Conservation Actions [top]

Conservation Actions: The species is listed on Appendix II of the Bern Convention and on Annex IV of the EU Habitats Directive. It is listed in a number of national and sub-national Red Data Books and is protected by national legislation in many of its range states. The species is presumed to occur in a number of protected areas. Further research into the current decline is needed especially into the impacts of disease. In Central Spain there is a captive breeding programme for this species, and some reintroductions have been carried out. In the Spanish national Red List is considered Near Threatened, and subspecies pertinax is considered Vulnerable.

Errata [top]

Errata reason: Reformatted names of Assessor(s), Reviewer(s), Contributor(s), Facilitator(s) and/or Compiler(s).

Classifications [top]

1. Forest -> 1.4. Forest - Temperate
suitability:Suitable  
1. Forest -> 1.5. Forest - Subtropical/Tropical Dry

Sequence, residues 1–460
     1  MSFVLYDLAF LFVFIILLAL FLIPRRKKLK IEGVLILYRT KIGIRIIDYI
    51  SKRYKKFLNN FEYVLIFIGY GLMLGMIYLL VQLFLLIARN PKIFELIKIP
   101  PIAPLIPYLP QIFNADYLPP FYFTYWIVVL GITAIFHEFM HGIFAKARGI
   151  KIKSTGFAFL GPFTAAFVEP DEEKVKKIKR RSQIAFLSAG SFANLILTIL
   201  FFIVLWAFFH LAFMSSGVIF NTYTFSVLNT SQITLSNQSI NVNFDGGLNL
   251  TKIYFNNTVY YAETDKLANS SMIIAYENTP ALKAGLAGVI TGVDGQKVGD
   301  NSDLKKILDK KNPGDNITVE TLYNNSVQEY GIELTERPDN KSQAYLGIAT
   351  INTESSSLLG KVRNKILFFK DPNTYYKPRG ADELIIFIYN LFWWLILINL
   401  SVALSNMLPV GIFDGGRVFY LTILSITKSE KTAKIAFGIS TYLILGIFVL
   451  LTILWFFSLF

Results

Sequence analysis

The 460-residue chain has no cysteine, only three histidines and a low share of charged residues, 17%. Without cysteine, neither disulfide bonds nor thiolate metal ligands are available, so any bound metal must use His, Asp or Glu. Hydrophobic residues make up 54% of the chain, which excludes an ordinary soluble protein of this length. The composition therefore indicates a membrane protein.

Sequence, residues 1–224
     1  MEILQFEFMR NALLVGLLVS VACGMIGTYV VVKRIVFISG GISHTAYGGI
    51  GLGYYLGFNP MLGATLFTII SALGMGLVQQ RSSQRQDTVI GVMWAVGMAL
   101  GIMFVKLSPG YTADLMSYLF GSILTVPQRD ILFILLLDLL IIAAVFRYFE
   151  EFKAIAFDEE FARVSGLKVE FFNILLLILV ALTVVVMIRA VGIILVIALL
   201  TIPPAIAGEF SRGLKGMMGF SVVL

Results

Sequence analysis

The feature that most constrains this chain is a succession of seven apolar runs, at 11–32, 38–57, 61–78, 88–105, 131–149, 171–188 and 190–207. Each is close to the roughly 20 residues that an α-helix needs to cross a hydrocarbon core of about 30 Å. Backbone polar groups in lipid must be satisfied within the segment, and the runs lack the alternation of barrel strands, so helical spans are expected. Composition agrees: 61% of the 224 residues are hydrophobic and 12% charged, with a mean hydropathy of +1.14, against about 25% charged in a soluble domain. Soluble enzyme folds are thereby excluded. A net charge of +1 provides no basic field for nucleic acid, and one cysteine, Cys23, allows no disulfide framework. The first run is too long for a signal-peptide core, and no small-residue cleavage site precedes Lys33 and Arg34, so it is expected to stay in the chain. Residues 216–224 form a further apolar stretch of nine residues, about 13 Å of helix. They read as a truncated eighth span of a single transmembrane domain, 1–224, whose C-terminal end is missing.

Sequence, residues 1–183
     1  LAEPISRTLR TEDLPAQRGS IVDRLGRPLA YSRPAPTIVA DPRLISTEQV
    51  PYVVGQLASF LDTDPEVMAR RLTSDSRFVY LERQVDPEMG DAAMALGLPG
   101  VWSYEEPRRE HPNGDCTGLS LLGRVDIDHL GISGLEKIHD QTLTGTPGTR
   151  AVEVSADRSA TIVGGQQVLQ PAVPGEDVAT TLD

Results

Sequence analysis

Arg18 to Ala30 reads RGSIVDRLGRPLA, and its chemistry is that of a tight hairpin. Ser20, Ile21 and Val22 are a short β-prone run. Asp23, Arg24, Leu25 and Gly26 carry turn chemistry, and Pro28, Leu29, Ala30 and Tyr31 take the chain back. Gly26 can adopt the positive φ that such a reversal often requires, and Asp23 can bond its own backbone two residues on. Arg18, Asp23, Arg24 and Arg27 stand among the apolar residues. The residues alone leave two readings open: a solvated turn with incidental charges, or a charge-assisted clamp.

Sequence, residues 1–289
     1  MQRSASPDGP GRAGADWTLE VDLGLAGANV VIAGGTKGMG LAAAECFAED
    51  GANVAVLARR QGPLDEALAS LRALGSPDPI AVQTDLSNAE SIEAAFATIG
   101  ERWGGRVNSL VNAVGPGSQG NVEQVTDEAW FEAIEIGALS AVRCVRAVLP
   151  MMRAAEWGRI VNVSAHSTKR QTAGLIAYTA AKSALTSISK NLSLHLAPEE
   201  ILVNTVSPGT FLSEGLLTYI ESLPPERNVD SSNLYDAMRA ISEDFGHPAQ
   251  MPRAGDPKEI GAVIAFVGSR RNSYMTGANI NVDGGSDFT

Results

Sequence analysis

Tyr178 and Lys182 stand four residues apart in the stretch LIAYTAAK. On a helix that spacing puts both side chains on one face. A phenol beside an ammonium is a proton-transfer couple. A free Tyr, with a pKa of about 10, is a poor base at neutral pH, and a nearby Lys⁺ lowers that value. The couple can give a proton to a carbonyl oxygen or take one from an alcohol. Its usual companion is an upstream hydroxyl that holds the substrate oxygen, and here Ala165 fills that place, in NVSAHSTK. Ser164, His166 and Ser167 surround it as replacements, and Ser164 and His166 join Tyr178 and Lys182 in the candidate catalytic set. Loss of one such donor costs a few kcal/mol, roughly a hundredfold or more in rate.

suitability:Suitable  
3. Shrubland -> 3.4. Shrubland - Temperate
suitability:Suitable  
5. Wetlands (inland) -> 5.1. Wetlands (inland) - Permanent Rivers/Streams/Creeks (includes waterfalls)
suitability:Suitable  
5. Wetlands (inland) -> 5.5. Wetlands (inland) - Permanent Freshwater Lakes (over 8ha)
suitability:Marginal  
5. Wetlands (inland) -> 5.7. Wetlands (inland) - Permanent Freshwater Marshes/Pools (under 8ha)
suitability:Suitable  
5. Wetlands (inland) -> 5.8. Wetlands (inland) - Seasonal/Intermittent Freshwater Marshes/Pools (under 8ha)
suitability:Marginal  
8. Desert -> 8.2. Desert - Temperate
suitability:Marginal  
14. Artificial/Terrestrial -> 14.1. Artificial/Terrestrial - Arable Land
suitability:Unknown  
14. Artificial/Terrestrial -> 14.2. Artificial/Terrestrial - Pastureland
suitability:Marginal  
14. Artificial/Terrestrial -> 14.5. Artificial/Terrestrial - Urban Areas